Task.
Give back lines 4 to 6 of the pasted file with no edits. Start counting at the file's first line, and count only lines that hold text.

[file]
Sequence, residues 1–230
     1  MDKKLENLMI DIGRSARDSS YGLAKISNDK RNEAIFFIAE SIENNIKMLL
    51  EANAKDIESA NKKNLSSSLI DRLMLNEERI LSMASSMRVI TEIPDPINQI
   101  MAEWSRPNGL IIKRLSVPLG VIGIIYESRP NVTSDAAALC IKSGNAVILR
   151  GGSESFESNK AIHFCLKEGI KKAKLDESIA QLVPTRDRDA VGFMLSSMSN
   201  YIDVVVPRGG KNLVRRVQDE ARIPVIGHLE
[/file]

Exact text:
   101  MAEWSRPNGL IIKRLSVPLG VIGIIYESRP NVTSDAAALC IKSGNAVILR
   151  GGSESFESNK AIHFCLKEGI KKAKLDESIA QLVPTRDRDA VGFMLSSMSN
   201  YIDVVVPRGG KNLVRRVQDE ARIPVIGHLE